Mississippi River Sediment Diversions Could Save Louisiana's Coast

Mississippi River Sediment Diversions Could Save Louisiana's Coast

Mississippi River Sediment Diversions Could Save Louisiana's Coast

 Engineers are working to help reconnect the Mississippi River to Louisiana’s sediment-starved wetlands in an effort to rebuild some of the land that is disappearing at a rate of almost 11,000 acres a year - or roughly a football field an hour. The $2.2-billion sediment diversion projects are the linchpin of Louisiana’s $50-billion coastal master plan, which aims to create 800 sq. miles of land over the next 50 years to help sustain 40% of the wetlands in the continental United States 

 Alden’s involvement in the Mid-Barataria Sediment Diversion project was mentioned in a very interesting article in the August 9, 2018 Engineering News-Record (ENR).

 To support this project Alden is building a 220 ft. long by 70 ft. wide physical model simulating about 3 miles of the Mississippi River to evaluate water and sediment flow patterns at the proposed Mid Barataria Diversion.  Data from this model will be used to contribute to the detailed design process and used in conjunction with an extensive numeric modeling program.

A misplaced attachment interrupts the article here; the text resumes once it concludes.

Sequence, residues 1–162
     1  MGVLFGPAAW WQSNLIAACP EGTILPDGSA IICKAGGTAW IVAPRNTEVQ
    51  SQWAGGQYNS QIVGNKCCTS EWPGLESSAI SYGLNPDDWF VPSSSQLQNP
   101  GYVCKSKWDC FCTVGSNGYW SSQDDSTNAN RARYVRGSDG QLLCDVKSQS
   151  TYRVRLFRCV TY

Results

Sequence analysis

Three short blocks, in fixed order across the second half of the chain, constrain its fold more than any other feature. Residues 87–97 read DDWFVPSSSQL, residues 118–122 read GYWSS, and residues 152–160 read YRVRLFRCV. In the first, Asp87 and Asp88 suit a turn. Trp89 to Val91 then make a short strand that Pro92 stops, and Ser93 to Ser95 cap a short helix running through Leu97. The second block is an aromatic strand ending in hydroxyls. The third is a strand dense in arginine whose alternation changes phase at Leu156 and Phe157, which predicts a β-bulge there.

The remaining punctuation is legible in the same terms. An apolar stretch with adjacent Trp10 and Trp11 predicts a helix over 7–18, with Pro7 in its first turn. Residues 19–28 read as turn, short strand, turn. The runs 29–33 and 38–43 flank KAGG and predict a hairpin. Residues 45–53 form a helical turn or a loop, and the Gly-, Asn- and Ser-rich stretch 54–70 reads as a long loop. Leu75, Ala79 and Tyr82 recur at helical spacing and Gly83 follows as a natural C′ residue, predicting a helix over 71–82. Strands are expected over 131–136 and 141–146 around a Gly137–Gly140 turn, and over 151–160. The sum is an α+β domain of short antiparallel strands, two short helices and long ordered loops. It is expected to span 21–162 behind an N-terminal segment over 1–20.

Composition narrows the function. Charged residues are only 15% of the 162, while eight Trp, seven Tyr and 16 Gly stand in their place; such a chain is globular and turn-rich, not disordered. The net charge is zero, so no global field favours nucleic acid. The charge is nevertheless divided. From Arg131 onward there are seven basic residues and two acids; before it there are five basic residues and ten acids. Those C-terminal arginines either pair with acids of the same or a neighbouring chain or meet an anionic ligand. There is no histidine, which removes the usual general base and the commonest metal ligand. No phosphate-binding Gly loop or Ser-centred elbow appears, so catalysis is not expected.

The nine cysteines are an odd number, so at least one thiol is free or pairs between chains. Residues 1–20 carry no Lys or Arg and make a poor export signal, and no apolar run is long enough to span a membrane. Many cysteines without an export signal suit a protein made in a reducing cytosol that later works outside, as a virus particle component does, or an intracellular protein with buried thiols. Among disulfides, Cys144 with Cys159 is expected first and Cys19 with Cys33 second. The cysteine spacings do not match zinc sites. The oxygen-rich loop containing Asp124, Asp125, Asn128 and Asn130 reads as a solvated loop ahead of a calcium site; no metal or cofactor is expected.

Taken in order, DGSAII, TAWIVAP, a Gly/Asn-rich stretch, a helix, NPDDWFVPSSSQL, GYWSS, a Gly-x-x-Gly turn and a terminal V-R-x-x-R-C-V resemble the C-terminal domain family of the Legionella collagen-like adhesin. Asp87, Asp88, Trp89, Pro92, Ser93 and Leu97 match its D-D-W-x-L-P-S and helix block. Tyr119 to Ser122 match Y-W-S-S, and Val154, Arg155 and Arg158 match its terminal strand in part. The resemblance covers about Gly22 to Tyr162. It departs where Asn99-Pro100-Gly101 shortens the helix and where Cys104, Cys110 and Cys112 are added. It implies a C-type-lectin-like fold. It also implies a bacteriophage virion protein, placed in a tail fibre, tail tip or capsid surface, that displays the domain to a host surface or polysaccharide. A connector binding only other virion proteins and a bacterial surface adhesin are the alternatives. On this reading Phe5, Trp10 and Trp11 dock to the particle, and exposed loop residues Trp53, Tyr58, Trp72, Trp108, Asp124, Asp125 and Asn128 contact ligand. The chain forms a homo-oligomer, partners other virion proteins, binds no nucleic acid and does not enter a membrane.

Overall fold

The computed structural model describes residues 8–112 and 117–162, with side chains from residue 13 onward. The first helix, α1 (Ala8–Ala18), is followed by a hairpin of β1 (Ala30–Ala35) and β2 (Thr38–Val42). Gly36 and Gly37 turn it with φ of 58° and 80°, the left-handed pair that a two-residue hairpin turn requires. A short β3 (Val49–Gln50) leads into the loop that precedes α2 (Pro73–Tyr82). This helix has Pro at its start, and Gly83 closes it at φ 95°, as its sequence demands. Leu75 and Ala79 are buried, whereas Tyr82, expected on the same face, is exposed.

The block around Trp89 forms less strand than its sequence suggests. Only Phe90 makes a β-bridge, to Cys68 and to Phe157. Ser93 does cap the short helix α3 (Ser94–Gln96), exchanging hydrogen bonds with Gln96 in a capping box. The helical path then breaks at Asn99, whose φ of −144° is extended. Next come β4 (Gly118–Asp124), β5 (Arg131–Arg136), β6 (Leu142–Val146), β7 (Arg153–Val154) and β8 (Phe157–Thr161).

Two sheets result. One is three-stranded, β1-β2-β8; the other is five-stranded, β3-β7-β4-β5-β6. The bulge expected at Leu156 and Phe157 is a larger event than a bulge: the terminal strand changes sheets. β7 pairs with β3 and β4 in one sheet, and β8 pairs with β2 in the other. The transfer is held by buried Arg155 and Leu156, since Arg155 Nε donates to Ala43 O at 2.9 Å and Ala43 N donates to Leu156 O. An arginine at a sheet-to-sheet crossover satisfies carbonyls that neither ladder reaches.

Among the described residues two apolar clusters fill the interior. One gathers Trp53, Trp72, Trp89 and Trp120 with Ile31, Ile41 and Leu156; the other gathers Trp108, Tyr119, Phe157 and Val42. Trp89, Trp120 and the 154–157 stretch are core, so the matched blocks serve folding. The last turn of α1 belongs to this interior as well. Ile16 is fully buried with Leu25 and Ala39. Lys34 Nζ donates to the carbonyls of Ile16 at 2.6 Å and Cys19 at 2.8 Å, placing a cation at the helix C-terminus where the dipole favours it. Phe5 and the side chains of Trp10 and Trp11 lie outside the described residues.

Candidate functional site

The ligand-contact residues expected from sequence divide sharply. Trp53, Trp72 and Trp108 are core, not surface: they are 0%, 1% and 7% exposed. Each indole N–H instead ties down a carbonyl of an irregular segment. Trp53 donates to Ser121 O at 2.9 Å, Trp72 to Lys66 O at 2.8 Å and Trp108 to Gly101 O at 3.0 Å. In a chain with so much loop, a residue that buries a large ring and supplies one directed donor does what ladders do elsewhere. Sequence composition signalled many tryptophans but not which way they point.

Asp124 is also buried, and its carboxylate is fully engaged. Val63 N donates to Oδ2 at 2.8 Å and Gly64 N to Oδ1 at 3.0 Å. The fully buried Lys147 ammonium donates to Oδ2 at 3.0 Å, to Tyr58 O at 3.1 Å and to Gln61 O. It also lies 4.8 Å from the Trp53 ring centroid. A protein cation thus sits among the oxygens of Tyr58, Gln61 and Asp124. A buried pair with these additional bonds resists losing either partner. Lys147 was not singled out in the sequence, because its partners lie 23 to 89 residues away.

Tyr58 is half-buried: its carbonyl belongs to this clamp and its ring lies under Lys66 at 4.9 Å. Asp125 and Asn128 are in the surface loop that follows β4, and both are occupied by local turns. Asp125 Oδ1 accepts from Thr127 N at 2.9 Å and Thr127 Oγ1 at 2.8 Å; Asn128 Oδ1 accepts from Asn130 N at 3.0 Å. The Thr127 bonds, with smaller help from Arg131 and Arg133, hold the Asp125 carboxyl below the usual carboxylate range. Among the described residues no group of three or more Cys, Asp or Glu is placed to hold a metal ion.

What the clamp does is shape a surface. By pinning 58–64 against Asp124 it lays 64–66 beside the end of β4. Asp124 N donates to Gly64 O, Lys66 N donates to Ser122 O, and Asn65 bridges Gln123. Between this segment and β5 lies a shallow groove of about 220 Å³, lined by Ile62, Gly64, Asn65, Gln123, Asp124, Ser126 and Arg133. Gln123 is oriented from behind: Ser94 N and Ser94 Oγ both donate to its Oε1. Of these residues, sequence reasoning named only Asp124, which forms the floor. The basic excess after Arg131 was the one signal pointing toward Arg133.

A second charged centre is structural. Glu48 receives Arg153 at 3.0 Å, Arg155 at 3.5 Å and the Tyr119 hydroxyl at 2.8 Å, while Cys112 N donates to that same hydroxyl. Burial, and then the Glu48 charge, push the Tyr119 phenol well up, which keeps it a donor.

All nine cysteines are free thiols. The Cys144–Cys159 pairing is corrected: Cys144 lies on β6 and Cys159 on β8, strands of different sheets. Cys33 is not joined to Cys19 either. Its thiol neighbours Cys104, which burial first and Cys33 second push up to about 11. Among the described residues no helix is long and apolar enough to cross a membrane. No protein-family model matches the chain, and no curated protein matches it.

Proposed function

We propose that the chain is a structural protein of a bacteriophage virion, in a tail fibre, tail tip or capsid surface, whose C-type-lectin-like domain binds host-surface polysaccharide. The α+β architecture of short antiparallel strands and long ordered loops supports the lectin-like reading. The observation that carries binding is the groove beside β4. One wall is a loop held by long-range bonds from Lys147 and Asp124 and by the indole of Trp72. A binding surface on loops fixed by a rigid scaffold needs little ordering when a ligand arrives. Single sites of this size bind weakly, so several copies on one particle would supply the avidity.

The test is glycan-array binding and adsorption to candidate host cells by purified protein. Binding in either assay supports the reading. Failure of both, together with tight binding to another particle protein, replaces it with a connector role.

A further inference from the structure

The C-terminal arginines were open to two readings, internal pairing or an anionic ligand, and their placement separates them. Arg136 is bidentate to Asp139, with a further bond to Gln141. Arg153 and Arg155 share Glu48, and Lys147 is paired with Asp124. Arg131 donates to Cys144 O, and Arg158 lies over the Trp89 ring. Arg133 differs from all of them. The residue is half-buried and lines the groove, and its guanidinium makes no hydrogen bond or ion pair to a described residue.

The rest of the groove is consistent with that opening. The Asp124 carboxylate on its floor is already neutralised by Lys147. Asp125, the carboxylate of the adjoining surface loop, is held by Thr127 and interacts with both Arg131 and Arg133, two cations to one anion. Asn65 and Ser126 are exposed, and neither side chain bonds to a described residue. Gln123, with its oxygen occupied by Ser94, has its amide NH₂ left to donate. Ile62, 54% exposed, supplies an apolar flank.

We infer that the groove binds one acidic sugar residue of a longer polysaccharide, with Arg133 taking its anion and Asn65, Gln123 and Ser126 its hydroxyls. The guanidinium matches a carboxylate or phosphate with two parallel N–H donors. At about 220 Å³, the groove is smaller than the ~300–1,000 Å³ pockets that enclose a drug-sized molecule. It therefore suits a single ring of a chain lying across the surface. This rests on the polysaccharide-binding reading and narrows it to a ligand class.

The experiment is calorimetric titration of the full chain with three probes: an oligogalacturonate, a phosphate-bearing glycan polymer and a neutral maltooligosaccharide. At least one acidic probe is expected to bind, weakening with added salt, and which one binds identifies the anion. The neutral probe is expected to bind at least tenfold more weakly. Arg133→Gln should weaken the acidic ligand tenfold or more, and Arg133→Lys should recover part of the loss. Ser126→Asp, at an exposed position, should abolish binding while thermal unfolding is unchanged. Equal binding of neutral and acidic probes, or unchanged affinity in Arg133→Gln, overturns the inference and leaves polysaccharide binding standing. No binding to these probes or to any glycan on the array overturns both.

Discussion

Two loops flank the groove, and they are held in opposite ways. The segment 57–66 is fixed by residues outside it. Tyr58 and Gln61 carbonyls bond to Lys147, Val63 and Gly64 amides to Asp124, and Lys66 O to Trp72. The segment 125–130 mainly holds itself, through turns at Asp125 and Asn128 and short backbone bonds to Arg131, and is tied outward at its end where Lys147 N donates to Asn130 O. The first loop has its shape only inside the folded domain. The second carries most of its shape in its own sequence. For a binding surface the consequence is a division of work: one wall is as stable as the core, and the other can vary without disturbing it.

“We have been involved in the physical flow modeling of rivers and sediment deposition, scouring and transport processes for many years” says Andy Johansson, Director of Alden’s Hydraulic Modeling Group, “The Mid-Barataria project is where all of our knowledge in these areas is coming together. This will be one of the largest physical flow model ever built in Alden’s 120 year history.”

 You can find the entire article on ENR’s web site here: Mississippi River Diversions

 

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